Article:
Any and every business is concerned with two things: 1) the bottom line and 2) return on investment. Everything else is in direct competition or correlation to those two benchmarks.
The question then becomes “Are you in business
for the long-term or the short-term?”
Short-term businesses make immediate decisions without navigating or considering the long-term effects of those fast decisions. Long-term businesses make informed decisions and create patterns of success over time.
Increasing employee value is an informed decision with multiple layers and varying patterns of success because the successful path for one employee doesn’t always work for another employee. This is where professional training and coaching creates long term success for the employee and therefore the business.
According to the Society for Human Resource Management (SHRM), their formula for calculating the cost per hire is “Total internal + external recruiting costs divided by total # of hires in a given time frame.” (Ideal article) On average industry benchmarks for the cost of hire comes to 16% of annual salary for a 30K or less job, which is up to $4,800 or 333 hours of work (2 months), and 20% of annual salary for a position making 75K or more, which is $15,000 or 417 hours of work (2.6 months).
Given this information – What could your business achieve with at least 2 more months of work from every employee? Here are a few facts to consider:
One third of new hires quit their jobs after about six months due to the lack of goals or milestones to accomplish. Without appropriate goals, new hires become quickly overwhelmed or under-challenged. (TNLT Article)
One third of new employees knew whether they would stay with their new company long-term after the first week. The first impression of your business to new hires is extremely important and leading them to understand their role will help the acclimation process more than if they try to figure it out on their own. (TNLT Article)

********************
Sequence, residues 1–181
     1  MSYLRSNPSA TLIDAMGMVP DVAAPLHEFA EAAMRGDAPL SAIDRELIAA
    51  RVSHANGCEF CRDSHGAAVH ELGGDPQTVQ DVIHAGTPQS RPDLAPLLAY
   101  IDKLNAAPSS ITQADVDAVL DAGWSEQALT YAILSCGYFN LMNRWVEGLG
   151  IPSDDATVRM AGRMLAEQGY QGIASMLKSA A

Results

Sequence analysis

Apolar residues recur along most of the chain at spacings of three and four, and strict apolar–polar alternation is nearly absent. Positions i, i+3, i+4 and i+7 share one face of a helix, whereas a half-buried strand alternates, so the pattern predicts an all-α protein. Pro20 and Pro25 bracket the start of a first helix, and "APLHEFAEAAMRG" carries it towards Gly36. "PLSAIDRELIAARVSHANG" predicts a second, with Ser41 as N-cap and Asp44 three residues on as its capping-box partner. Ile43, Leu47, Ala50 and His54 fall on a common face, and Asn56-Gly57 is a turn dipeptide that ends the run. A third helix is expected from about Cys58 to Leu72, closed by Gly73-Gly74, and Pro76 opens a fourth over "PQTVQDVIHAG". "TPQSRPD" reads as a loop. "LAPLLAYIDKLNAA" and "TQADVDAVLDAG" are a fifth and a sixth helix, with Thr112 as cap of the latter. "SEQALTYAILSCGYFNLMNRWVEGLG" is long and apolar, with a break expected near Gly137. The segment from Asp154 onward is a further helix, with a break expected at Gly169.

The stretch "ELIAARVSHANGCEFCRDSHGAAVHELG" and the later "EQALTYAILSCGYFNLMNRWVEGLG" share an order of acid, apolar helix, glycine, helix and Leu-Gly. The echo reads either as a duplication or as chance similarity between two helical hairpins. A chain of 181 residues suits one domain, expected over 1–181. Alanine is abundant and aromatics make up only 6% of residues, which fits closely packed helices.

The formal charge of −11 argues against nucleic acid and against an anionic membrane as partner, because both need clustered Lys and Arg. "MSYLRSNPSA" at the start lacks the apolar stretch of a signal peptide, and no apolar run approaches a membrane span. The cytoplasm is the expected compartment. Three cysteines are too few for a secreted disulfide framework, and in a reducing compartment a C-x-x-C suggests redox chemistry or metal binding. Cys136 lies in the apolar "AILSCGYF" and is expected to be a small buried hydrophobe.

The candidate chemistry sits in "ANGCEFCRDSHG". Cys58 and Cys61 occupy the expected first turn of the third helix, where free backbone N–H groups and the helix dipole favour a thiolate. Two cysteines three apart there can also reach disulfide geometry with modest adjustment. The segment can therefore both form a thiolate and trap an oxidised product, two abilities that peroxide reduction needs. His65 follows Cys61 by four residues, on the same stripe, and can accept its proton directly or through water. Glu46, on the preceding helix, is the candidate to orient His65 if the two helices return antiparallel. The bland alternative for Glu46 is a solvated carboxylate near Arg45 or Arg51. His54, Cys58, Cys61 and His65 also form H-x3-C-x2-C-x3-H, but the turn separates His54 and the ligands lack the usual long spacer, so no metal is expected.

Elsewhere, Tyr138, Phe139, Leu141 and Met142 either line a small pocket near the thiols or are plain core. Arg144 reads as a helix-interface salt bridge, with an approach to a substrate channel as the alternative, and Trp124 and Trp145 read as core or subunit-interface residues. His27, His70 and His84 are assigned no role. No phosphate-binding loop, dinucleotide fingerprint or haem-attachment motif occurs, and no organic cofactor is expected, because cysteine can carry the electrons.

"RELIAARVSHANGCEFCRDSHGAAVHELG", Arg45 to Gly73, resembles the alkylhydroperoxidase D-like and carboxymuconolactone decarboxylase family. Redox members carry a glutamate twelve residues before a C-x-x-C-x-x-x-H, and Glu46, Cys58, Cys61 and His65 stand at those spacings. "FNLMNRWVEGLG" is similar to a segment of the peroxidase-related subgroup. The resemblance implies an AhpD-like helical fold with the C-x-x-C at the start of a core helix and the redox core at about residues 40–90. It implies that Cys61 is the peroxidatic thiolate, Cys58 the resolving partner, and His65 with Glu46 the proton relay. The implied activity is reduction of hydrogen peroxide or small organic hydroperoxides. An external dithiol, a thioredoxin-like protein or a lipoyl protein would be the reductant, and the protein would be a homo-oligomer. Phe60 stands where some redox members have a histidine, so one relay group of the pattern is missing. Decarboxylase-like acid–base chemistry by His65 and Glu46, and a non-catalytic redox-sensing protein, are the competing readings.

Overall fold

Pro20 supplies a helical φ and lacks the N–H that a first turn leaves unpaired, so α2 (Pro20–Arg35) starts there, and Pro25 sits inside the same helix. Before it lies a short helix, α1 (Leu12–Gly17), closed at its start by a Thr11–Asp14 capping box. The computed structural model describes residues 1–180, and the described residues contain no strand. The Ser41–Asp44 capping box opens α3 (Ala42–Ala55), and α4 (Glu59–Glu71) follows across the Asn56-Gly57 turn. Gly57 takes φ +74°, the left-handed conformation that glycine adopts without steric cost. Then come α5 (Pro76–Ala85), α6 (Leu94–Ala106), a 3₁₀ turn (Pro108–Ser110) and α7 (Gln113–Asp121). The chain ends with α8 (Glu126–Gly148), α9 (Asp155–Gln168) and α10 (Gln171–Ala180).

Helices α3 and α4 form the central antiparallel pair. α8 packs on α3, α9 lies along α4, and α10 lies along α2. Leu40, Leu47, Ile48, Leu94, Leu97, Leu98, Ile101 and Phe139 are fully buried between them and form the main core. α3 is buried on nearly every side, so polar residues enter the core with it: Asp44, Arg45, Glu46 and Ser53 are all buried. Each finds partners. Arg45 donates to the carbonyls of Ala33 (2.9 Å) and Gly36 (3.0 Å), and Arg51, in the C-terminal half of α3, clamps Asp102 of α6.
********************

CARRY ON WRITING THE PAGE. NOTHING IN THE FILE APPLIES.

Seventy-three percent of national organizations have revamped their on-boarding process to improve their employee retention. (TNLT Article)
In 2016, the US retail industry lost approximately $9 Billion dollars to voluntary, entry-level turnover. Companies who invest in the retention and advancement of their entry-level talent not only improve business outcomes, but provide new options for individuals who face barriers to economic opportunity. (FSG Article)
The Foundation Strategy Group (FSG), in partnership with Walmart, has identified four evidence-based strategies for effective entry-level retention and advancement that work to decrease turnover and increase employee engagement.
While some of these strategies may not be for every business, a common theme among employees is to feel supported in their career growth and advancement.
That’s where my expertise connects with your bottom line to create win-win roadmaps for your employees, your customers, and your business growth.
As a professional development expert, I will assess your current career growth and advancement strategies’ effectiveness with employee engagement and retention as baseline benchmarks. Together we will design and implement an educational strategic plan for individual employees that solidify your business’ workforce foundation while linking their goals to the business’ mission, vision, and values.
Schedule your Effective Educational Strategic Consultation by emailing email@example.com